Colombia electoral reform video

If you understand Spanish, you should watch John Sudarsky’s video criticizing the current electoral system of Colombia (which is open-list* PR, including in the 100-seat nationwide district of the Senate), and advocating MMP.**

I offer for your viewing pleasure, not necessarily as an endorsement.


* Mostly. Parties have the option to present a closed list, and there are always some members of each house elected this way. But most come from open lists.

** The video and website only call it “mixed”, but it seems pretty clear from the examples given that it is intended to be MMP.

5 thoughts on “Colombia electoral reform video

  1. If I understood correctly, 60% of the seats would be single member constituencies and 40% filled on a proportional basis. Constituency votes for losing candidates would be pooled in regions and form the basis for allocation of the proportional seats, but other candidates would fill those seats.

    So: closed party lists, no gaming the system with decoy lists and not quite the usual MMP compensation system?

    • So it’s a one-vote MMP system that deducts votes (instead of the more common seats) to achieve proportionality?

    • I think that system is identical, or at least very similar, to the one used for the Italian Senate from 1994 to 2001. Voters cast votes for candidates at the single-member constituency level, the candidate with the most votes won the seat, and then those votes were pooled at the regional level (average regional PR DM=4.15) and seats were allocated to parties proportionally after votes for candidates who had won in SMDs were subtracted from their party’s total. The system was immune to the decoy-list strategy used by the major coalitions in the lower house, which used a dual-vote MMP/MMM (?) system. As I understand it, the system was not designed on purpose; the previous PR system required candidates to receive two-thirds of the vote at the SMD level to win at that point, and a referendum at some point in the 90s removed that requirement.

  2. Though I don’t speak Spanish, I think I was able to follow the general thread. Is the proposal to have national lists for both houses, or to retain the difference in (list tier) district magnitude?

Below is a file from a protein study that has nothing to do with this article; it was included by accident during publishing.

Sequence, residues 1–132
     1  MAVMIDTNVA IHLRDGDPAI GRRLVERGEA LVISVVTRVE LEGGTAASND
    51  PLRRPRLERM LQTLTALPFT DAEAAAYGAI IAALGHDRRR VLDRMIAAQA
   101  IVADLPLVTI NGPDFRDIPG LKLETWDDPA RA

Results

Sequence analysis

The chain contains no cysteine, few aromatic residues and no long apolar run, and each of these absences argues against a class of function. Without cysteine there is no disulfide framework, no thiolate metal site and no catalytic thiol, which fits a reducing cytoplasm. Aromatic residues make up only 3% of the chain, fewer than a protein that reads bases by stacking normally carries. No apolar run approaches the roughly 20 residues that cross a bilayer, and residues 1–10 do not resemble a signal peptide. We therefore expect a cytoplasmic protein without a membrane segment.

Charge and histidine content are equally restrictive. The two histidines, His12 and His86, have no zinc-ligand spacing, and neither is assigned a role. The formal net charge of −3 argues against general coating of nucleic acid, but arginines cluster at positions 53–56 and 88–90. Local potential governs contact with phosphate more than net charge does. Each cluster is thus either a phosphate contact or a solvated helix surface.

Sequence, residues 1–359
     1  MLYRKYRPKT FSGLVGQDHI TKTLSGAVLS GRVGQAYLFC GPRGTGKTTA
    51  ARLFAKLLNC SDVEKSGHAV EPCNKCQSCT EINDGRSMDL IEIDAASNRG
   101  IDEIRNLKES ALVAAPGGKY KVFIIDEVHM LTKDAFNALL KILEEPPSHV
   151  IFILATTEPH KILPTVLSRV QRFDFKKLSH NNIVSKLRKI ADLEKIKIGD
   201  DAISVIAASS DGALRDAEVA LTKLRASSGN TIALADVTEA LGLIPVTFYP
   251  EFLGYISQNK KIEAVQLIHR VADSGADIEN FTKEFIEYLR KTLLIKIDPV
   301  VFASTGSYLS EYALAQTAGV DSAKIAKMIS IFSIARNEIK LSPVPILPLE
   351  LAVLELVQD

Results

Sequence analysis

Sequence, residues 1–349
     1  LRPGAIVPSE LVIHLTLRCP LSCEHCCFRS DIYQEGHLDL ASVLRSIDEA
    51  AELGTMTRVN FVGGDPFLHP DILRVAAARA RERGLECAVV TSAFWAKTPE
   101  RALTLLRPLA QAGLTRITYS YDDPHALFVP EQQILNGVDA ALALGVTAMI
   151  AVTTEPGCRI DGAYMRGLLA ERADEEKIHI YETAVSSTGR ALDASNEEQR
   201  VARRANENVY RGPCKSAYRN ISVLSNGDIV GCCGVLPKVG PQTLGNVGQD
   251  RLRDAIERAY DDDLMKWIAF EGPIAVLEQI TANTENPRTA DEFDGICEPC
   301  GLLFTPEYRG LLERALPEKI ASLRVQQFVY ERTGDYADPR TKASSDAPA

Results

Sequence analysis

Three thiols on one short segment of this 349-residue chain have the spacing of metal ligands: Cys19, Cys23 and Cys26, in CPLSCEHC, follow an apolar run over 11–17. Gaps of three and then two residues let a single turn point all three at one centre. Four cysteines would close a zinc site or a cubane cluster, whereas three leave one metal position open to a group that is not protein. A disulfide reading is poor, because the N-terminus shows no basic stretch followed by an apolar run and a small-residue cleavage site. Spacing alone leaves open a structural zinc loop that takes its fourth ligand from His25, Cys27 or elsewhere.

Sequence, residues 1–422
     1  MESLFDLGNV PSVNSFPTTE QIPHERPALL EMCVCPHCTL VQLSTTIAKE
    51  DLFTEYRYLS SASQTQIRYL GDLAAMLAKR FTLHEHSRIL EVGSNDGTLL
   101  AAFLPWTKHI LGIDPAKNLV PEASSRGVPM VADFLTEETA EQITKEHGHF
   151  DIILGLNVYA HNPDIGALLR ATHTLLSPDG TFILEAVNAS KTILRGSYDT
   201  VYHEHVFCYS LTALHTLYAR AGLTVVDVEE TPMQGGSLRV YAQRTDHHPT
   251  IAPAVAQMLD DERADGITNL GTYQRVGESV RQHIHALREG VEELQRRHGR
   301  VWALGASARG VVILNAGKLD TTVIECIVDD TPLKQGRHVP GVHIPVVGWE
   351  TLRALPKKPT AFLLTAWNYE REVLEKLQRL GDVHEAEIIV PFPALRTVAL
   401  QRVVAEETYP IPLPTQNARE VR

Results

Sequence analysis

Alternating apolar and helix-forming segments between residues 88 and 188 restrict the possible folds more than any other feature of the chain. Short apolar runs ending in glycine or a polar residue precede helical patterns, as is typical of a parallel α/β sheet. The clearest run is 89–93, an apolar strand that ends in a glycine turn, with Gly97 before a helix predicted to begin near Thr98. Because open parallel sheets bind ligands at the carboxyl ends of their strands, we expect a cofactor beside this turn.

If the system would be applied to both chambers, that would mean a total of four ballots for national legislative elections, complicating voting in a way I’m not sure is outweighed by the elimination of open lists (of course, simplicity/ease of voting is not the only factor, but it’s relevant.

    Ultimately it might be best to have only one elected chamber. If this would mean merging the two houses, there could be smaller districts under MMP (about 300k/district instead of about 450k/district and 800k/district) But if strong bicameralism with two elective chambers is to be retained, it seems to be like it might be better to further differentiate their roles (Colombia already does this a bit, though this could be greatly extended) and then also further differentiate their electoral systems. Having MMP for both houses would achieve the opposite, making bicameralism more redundant (though not as much if the difference in DM would be preserved).

  3. I like most of this idea! But I have a problem with the fact that the SMD losers’ votes would go to a closed list with names of other candidates. Maybe a modification could be made to have a candidate to be on both ballots from their region. system,

    For example, with a 10-seat region, under the Colombian “voto deductible” system, there would be 6 SMD seats and 4 PR seats. Each party would nominate 4 candidates throughout the region, so each SMD would have the same 4 candidates. This would be ideal to pool votes and link each voters votes to any possible elected candidates. I’d follow the Belgian idea of having alternates being published on the ballot but with a condition that would say: “IN CASE YOUR DISTRICT VOTE GOES TO A WINNING CANDIDATE, PLEASE VOTE FOR ONE OF THE ALTERNATES FOR THE SECOND ROUND” or something like that. This avoids the possibility of an under-hang and also avoids giving party control over nominating a candidate “behind the scenes”. So, if Mr. Juanito Pérez wins in more than 1 SMD race, which I think could happen above the norm if my proposal were eventually used, he gets to represent the district where he won the most votes; then we look at the alternate votes and let’s say that Mrs. Juanita Pérez got the most alternate votes in a SMD. She would represent the eventual “other” SMD that Mr. Juanito Pérez won.

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